Bradley, McCain discuss meeting on campaign reform

By Michael Kranish, Globe Staff, 12/09/99

ASHINGTON - Democrat Bill Bradley and Republican John McCain are moving closer to agreeing on an unusual joint meeting in New Hampshire to highlight their support of overhauling the campaign finance system.

The two presidential candidates could meet as early as next week, campaign aides said yesterday. But the meeting could also highlight the subtle competitive edge between the two. For though the two candidates belong to different parties, they are competing for many of the same voters: independents.

New Hampshire law allows independents to vote in either the Republican or Democratic primary, and campaign finance is a top concern of many independents.

Thus, Senator McCain of Arizona and former Senator Bradley of New Jersey hope to convince Granite Staters they have the best plan to change the way campaigns are financed.

Senior aides for both candidates confirmed they have held discussions this week about whether Bradley and McCain should meet in Claremont, N.H., where President Clinton and then-House Speaker Newt Gingrich met in 1995 and shook hands about the need to rewrite campaign finance laws.

''We have talked to them, and we have had additional conversations,'' McCain spokesman Howard Opinsky said. ''We are hopeful that we can reach agreement.''

Opinsky said the meeting would be worthwhile because ''anytime Senator McCain can talk about getting rid of the undue influence of special interests, it's good for us.''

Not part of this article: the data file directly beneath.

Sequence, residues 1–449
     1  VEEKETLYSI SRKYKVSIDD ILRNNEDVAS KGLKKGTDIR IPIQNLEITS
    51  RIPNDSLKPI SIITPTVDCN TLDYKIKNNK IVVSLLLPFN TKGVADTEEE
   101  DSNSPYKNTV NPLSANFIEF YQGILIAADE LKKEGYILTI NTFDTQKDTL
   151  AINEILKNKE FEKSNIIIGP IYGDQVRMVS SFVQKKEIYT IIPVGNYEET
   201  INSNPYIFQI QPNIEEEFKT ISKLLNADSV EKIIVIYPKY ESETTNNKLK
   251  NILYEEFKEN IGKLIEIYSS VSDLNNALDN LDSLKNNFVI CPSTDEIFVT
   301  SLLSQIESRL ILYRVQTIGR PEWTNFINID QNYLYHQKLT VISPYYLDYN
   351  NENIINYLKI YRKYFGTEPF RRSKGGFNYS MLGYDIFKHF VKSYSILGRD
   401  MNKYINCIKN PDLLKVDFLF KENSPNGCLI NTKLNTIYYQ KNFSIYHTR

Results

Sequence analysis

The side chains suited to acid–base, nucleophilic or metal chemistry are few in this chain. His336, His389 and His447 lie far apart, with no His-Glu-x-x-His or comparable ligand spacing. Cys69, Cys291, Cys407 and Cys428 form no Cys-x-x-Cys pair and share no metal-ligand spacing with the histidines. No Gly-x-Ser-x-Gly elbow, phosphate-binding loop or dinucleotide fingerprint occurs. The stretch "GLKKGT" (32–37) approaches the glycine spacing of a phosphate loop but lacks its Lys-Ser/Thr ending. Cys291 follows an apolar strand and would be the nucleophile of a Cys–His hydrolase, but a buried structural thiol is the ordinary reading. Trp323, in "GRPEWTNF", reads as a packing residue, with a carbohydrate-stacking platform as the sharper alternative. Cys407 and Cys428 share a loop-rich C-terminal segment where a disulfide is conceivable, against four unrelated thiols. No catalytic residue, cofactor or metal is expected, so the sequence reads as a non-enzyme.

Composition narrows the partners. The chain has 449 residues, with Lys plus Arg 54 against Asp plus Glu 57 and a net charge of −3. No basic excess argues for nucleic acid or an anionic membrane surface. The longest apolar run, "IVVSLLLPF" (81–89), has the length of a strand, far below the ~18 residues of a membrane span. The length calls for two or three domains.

Bradley spokesman Eric Hauser was more guarded about a meeting, saying, ''We'll see if something can work out. We're looking at it.''

The meeting would give both men a dramatic way to tell voters they are reform-minded candidates who would try to accomplish what other politicians have failed to do.

McCain has long been a co-sponsor of campaign finance legislation, while Bradley has said it is a centerpiece of his campaign. The two agree on the need to ban unlimited party contributions known as ''soft money.'' But they disagree on the best way to overhaul the system. Bradley favors public financing of elections, while McCain opposes that idea.

McCain and Bradley so far have not met during the campaign, nor have they talked on the telephone about a possible meeting, aides said. But McCain, asked this week about getting together with Bradley, responded: ''I would love to do that. My understanding is that my campaign has asked them to do it.''

Fred Wertheimer, who advocates campaign finance overhaul as president of a Washington-based group called Democracy 21, said both McCain and Bradley have been leaders on the issue.

''We have never seen this before on campaign finance to have the issue taken very seriously by leading candidates,'' Wertheimer said. ''In my view, their getting together can only be a plus for the issue.''

It is not clear whether Bradley and McCain would try to reenact the Clinton-Gingrich handshake, because Bradley recently criticized that event as a symbol of what is wrong with American politics.

''Behind every public handshake, like the one in Claremont on this issue, there's always been a secret handshake,'' Bradley said last month. ''That tacit, secret handshake signals an agreement among politicians not to upset a system they use to their advantage.''